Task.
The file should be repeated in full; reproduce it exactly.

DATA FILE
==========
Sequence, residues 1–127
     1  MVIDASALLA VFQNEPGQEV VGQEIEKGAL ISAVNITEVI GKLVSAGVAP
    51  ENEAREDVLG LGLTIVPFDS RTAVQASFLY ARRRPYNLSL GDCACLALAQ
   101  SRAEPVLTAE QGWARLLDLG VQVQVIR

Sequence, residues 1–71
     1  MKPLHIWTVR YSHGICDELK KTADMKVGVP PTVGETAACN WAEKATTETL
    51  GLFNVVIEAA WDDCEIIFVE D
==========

Sequence, residues 1–127
     1  MVIDASALLA VFQNEPGQEV VGQEIEKGAL ISAVNITEVI GKLVSAGVAP
    51  ENEAREDVLG LGLTIVPFDS RTAVQASFLY ARRRPYNLSL GDCACLALAQ
   101  SRAEPVLTAE QGWARLLDLG VQVQVIR

Sequence, residues 1–71
     1  MKPLHIWTVR YSHGICDELK KTADMKVGVP PTVGETAACN WAEKATTETL
    51  GLFNVVIEAA WDDCEIIFVE D